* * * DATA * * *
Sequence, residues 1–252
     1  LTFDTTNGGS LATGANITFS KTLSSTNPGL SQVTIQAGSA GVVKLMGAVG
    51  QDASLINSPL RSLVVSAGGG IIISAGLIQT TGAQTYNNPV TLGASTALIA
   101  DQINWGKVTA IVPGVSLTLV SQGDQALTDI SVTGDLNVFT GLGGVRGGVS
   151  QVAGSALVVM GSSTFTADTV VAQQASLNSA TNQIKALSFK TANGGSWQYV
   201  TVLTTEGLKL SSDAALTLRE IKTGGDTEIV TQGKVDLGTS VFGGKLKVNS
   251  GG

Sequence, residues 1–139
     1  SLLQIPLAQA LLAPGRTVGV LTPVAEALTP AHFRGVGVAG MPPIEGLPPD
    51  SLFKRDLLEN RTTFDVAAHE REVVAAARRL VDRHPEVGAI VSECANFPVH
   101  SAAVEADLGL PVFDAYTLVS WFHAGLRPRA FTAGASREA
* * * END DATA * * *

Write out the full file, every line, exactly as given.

Sequence, residues 1–252
     1  LTFDTTNGGS LATGANITFS KTLSSTNPGL SQVTIQAGSA GVVKLMGAVG
    51  QDASLINSPL RSLVVSAGGG IIISAGLIQT TGAQTYNNPV TLGASTALIA
   101  DQINWGKVTA IVPGVSLTLV SQGDQALTDI SVTGDLNVFT GLGGVRGGVS
   151  QVAGSALVVM GSSTFTADTV VAQQASLNSA TNQIKALSFK TANGGSWQYV
   201  TVLTTEGLKL SSDAALTLRE IKTGGDTEIV TQGKVDLGTS VFGGKLKVNS
   251  GG

Sequence, residues 1–139
     1  SLLQIPLAQA LLAPGRTVGV LTPVAEALTP AHFRGVGVAG MPPIEGLPPD
    51  SLFKRDLLEN RTTFDVAAHE REVVAAARRL VDRHPEVGAI VSECANFPVH
   101  SAAVEADLGL PVFDAYTLVS WFHAGLRPRA FTAGASREA